Over the last couple of years though, I have noticed a trend.

A sort of militant “Greek only” trend.

In equipping the holiday home, I have visited that famous Swedish furniture giant – Ikea. As Cyprus is a small island, rather than invest directly, multinational firms tend to grant franchises. Ikea is no exception.

Everything in Ikea – from the labels on the goods, to the leaflets, to the signs on the door is in Greek and only Greek.

I have never seen that in Cyprus before.

Adjoining the Ikea store is a shopping mall. The mall has a food court where can be found the usual fast food suspects.

There is also a fast food version of more traditional Cypriot food.

Again – all of the signage was in Greek only.

A reasonable percentage of consumers in Cyprus will speak little or no Greek. Tourists generally don’t, and many expats don’t either.

Therefore this policy has a cost to the business.

Perhaps I am reading too much into it – but there seems a sort of militance to it – an intentional statement.

I am not sure why it should be happening and whether it might have a broader connotation.

 

What? My data is not safe?

 

 

 

I have been droning on and on about email and productivity.

My email client of choice is Mailbox. A great piece of kit on the iPhone (and hopefully soon on my Mac).

Joyfully, this great app is free. Yes, free!

How can this be?

Well – its pretty simple really.

All of my email is passing through Mailbox’s servers. I have no doubt that all of that data has a value in some way, shape or form.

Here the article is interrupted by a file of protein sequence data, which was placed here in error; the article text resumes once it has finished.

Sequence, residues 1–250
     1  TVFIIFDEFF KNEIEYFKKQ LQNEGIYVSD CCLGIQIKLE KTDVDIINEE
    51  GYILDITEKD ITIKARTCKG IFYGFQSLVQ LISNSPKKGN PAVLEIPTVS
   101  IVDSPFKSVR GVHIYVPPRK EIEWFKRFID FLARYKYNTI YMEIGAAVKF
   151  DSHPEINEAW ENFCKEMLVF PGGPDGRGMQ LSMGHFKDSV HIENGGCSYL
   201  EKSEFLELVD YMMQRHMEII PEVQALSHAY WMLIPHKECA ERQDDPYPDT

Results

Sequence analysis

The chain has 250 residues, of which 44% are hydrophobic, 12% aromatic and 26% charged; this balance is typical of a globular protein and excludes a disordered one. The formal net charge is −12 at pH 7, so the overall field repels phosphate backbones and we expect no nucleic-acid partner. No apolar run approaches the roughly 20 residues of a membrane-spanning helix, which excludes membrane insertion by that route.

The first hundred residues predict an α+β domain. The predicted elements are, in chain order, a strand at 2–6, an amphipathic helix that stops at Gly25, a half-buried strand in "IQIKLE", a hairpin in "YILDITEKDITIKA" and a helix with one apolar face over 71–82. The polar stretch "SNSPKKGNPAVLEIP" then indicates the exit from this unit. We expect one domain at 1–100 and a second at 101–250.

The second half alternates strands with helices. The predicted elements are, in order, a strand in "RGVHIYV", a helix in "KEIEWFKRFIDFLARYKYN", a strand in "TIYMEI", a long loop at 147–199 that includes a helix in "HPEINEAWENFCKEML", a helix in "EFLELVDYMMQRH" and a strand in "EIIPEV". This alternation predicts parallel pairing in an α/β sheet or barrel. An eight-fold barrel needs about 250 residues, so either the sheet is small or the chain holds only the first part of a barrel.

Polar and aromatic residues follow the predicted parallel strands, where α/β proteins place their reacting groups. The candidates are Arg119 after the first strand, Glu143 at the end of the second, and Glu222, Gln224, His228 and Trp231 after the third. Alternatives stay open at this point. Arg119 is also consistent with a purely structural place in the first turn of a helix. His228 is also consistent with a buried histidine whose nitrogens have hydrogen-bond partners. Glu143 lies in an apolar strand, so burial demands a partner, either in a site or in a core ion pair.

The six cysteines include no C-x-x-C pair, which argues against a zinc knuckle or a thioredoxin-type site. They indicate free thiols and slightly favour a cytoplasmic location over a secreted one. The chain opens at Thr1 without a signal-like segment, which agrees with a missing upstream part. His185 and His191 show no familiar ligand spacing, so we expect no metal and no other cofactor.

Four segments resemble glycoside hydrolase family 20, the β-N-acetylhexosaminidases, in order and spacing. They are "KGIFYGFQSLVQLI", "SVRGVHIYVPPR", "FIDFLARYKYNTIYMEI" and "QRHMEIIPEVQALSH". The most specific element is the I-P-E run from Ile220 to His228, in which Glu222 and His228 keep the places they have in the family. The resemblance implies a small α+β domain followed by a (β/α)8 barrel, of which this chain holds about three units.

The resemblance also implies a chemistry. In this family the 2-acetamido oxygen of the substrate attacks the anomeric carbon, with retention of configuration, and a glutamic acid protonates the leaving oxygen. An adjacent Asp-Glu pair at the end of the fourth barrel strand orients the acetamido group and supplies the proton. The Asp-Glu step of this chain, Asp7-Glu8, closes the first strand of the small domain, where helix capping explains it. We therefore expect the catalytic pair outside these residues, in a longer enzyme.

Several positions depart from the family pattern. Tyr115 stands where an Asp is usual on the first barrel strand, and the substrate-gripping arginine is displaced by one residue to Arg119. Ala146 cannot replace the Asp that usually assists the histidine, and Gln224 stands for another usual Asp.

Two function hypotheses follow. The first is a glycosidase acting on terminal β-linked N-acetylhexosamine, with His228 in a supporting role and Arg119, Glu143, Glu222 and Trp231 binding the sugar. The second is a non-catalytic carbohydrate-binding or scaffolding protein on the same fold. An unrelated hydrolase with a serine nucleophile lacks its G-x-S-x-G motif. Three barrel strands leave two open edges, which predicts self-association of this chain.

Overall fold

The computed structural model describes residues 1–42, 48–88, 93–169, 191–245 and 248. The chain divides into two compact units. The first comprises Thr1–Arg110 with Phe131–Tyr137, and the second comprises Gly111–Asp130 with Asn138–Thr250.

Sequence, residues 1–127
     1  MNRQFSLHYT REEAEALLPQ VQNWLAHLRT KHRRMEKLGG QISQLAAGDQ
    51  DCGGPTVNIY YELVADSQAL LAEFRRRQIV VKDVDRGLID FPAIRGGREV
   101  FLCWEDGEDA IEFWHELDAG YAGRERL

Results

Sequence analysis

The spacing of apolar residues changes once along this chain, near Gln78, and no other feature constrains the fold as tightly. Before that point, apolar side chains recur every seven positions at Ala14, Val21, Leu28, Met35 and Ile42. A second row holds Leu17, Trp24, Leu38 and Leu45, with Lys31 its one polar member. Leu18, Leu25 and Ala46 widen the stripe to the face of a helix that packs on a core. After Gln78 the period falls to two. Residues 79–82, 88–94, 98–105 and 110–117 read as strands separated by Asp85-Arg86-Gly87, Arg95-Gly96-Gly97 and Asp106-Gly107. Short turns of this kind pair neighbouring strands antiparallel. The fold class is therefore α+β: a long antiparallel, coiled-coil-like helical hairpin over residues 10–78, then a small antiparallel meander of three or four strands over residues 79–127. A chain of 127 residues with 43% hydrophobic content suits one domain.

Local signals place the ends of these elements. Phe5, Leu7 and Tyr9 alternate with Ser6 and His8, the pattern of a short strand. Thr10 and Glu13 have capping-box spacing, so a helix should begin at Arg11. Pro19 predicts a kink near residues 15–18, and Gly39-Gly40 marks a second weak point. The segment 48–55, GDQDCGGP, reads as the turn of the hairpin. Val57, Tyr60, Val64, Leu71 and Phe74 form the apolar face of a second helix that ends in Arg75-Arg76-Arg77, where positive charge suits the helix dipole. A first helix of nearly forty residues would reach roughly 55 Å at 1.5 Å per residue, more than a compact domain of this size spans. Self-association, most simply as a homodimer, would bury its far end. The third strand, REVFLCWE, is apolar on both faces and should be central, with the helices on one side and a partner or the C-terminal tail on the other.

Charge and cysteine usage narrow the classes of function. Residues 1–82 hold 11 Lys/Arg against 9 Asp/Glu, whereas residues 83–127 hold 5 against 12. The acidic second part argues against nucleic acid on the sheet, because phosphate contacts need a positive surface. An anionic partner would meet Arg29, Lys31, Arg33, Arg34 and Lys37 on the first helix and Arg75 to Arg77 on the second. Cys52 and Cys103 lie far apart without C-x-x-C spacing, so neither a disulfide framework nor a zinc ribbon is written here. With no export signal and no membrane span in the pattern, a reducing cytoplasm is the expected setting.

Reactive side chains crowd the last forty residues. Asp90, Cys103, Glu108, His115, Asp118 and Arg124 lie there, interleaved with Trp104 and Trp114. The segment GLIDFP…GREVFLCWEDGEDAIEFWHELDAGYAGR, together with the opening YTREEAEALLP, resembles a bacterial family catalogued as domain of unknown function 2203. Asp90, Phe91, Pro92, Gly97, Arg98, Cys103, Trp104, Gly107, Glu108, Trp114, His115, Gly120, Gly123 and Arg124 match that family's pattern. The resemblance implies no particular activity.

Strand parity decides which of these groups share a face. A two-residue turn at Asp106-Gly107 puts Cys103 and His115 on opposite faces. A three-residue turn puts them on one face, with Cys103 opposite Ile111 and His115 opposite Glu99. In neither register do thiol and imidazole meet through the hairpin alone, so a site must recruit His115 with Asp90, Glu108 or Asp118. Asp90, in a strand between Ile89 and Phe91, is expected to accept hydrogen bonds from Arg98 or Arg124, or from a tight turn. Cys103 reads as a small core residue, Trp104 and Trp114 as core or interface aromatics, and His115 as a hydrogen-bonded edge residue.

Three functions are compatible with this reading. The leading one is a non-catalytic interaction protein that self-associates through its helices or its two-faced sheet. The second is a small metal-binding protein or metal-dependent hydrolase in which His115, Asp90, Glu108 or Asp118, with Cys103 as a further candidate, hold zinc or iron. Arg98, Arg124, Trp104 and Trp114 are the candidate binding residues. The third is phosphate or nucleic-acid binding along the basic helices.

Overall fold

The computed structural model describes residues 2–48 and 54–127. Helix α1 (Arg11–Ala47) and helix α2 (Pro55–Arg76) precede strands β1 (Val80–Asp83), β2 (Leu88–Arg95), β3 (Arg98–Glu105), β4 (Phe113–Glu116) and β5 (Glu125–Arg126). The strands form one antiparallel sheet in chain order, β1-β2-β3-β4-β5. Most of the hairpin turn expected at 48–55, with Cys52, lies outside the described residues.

Big-Brother-is-watching-youI daresay that I have accepted buried deep in the terms and conditions, that Dropbox Inc (who own Mailbox) will never use my personal data unless it makes them money, or something similar.

Will.I.Am has said that he believes that we will all look back with wonder at how we gave away all of our personal data for nothing. Actually, I suspect that he said it a whole lot more eloquently than that.

Google and now DropBox see all of my email. The hosting company does too. The vast majority of my electronic filing also exists on a commercial company’s server somewhere. Data privacy is effectively a thing of the past.

What will all of this mean in the long run?

I don’t know.

Where have I ever written anything that would make you think I am smart enough to know that sort of thing?

12493936Companies apparently are prepared to pay to know what stuff I might want to buy – that way, they can sell me stuff.

Terrifying isn’t it?

No. It’s not.

The reality is that I get convenience (a great app) in return for the data.

Increasingly, my junk mail is around subjects that actually interest me. That’s a win as far as I am concerned.

Should I really be worried that Google tracks that I visited the John Lewis website and tells Facebook so that a John Lewis ad appears on my home page?

Why would that worry me at all?

Perhaps I am just too naive, and that one of you knows why I should be terrified that Google knows where I go on the internet?

Immigration. Stop it. Now

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Stop spouting uninformed nonsense about immigration and immigrants.

I posted about this before.

I am prompted to do so again by the horrific images currently all over the media.

A school of thought is emerging that we have an obligation towards refugees but that economic migrants are a major problem.